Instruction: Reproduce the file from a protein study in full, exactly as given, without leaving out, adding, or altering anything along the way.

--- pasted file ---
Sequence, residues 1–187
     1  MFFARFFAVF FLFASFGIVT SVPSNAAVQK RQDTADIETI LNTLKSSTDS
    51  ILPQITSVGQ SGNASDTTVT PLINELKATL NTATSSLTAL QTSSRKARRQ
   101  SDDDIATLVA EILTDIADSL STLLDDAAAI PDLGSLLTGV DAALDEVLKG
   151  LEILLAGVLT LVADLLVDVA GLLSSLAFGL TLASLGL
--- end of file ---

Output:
Sequence, residues 1–187
     1  MFFARFFAVF FLFASFGIVT SVPSNAAVQK RQDTADIETI LNTLKSSTDS
    51  ILPQITSVGQ SGNASDTTVT PLINELKATL NTATSSLTAL QTSSRKARRQ
   101  SDDDIATLVA EILTDIADSL STLLDDAAAI PDLGSLLTGV DAALDEVLKG
   151  LEILLAGVLT LVADLLVDVA GLLSSLAFGL TLASLGL